Understanding Form 1099-K Reporting Posted on 19 Jun 11:17

As a small business owner, navigating the landscape of digital payments is essential, whether through platforms like PayPal®, Venmo®, Zelle®, or using credit cards for transactions with vendors and contractors or to cover other expenses. Accepting payments through these channels may also be part of your business operations.Have you ever received a 1099-K form from these platforms or credit card providers? It is important to note that you may now be required to issue these forms too.

Understanding the Purpose of Form 1099-K

The 1099-K form, titled "Payment Card and Third-Party Network Transactions," serves as a report detailing the total gross or unadjusted amount of all transactions processed by Payment Settlement Entities (PSE) to each payee over a year.

What Transactions Qualify?

It's key to remember that IRS reporting obligations only cover payments for goods and services made to businesses. Personal transactions are exempt from this requirement.

Issuance Thresholds for 1099-K

For the 2024 tax year, the IRS plans to introduce a $5,000 threshold as a step towards enforcing the $600 reporting requirement established by the American Rescue Plan (ARP). Third-party settlement organizations (TPSOs) must file a
1099-K form with the IRS and provide a copy to the recipient if the total transactions exceed $5,000 within the year. This applies to many digital transactions, including those made through peer-to-peer payment platforms, digital wallets, online marketplaces, and more.

Who is Responsible for Filing Form 1099-K?

Payment settlement entities (PSEs), which include merchant-acquiring entities for payment card transactions and TPSOs for third-party network transactions, are tasked with this reporting. Merchant-acquiring entities are typically banks or credit card companies that process transactions, while TPSOs are responsible for payments to payees within various online platforms.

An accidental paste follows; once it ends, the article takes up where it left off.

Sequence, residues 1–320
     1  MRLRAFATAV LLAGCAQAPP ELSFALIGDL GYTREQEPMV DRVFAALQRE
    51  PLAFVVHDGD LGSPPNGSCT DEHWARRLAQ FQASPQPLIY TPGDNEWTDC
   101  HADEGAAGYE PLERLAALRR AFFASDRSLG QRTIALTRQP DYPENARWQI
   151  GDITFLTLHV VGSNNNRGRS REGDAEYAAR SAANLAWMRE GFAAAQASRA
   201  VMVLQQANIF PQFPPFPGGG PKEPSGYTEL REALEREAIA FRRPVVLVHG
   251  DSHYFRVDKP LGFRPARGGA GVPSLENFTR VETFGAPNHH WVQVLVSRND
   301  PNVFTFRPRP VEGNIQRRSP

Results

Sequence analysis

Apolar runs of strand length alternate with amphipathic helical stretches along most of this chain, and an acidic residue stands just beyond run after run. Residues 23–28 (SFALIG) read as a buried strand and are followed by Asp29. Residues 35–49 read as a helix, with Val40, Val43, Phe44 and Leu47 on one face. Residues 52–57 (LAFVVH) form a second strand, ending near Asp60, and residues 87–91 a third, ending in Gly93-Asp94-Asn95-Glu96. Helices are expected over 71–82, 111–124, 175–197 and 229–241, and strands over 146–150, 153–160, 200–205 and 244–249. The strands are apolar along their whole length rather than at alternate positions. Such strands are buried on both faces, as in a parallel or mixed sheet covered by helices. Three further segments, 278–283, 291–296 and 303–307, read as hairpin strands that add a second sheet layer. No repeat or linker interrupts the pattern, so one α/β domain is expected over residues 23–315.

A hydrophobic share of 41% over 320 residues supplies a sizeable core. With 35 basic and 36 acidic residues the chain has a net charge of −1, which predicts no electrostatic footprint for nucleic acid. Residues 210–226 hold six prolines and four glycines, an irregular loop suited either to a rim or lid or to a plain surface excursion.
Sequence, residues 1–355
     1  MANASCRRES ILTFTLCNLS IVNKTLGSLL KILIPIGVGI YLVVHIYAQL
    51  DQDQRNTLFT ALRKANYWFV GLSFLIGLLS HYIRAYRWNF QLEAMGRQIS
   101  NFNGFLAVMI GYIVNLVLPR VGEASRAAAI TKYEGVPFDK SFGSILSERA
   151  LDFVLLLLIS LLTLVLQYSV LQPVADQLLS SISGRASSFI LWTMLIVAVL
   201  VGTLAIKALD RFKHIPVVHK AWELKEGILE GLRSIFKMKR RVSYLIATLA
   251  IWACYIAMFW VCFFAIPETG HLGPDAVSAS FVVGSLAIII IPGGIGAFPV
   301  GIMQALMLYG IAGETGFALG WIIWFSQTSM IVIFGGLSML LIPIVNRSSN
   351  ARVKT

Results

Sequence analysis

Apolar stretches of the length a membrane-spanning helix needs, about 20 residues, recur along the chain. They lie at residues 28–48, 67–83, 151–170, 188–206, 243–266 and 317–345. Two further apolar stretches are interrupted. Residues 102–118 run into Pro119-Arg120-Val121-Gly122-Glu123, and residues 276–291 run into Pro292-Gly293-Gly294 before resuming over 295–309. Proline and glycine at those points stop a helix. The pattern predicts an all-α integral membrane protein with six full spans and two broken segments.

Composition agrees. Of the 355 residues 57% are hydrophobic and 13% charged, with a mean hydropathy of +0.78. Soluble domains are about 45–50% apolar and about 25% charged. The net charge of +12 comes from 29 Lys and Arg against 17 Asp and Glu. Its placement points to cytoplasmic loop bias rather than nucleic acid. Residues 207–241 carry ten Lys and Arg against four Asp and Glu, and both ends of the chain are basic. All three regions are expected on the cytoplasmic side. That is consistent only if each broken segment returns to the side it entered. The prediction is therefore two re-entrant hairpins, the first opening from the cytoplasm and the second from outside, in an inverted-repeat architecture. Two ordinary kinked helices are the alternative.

Exclusions from Filing Form 1099-K

Certain entities, like Automated Clearing House (ACH) systems, in-house accounts payable departments, and health carriers, do not fall under the TPSO category and are thus exempt from issuing Form 1099-K.

Reporting Requirements for Transactions

All payment card transactions need to be reported on Form 1099-K by merchant-acquiring entities without exception. Meanwhile, TPSOs must report payments exceeding $600 for goods and services as the ARP dictates, with a planned threshold of $5,000 for the 2024 tax year.

1099-K or 1099-MISC or 1099-NEC

Your reporting requirement depends on different factors, including how the payment was tagged and the type of account profile receiving the payment. You should check with the payment processing company to confirm how they classify payments made during the year using their network. Once you have verified that the payments are being reported on the Form 1099-K, you should not issue a Form 1099-NEC or 1099-MISC to report the duplicate payments.

International Payments

Reporting requirements may vary for payments made to offshore accounts outside the United States. It is advisable to consult the IRS website for specific guidance.

Business-Related Payments

Only payments related to the course of business for goods and services need to be reported. Personal transactions, such as gifts or reimbursements among friends and family, should not be reported on Form 1099-K.

Payments via Zelle®

Zelle® operates differently by acting as a messaging service between financial institutions and individuals without settling funds directly. If you pay a contractor $600 or more during the year using Zelle®, you are responsible for issuing a 1099-NEC or 1099-MISC form, not a 1099-K.

When to file Form 1099-K?

Form 1099-K is due to the IRS by Feb 28th if filed by paper, and March 31st if filed electronically. Recipient copies are due by Jan 31st.

If you need to issue a 1099-K, we have the solution!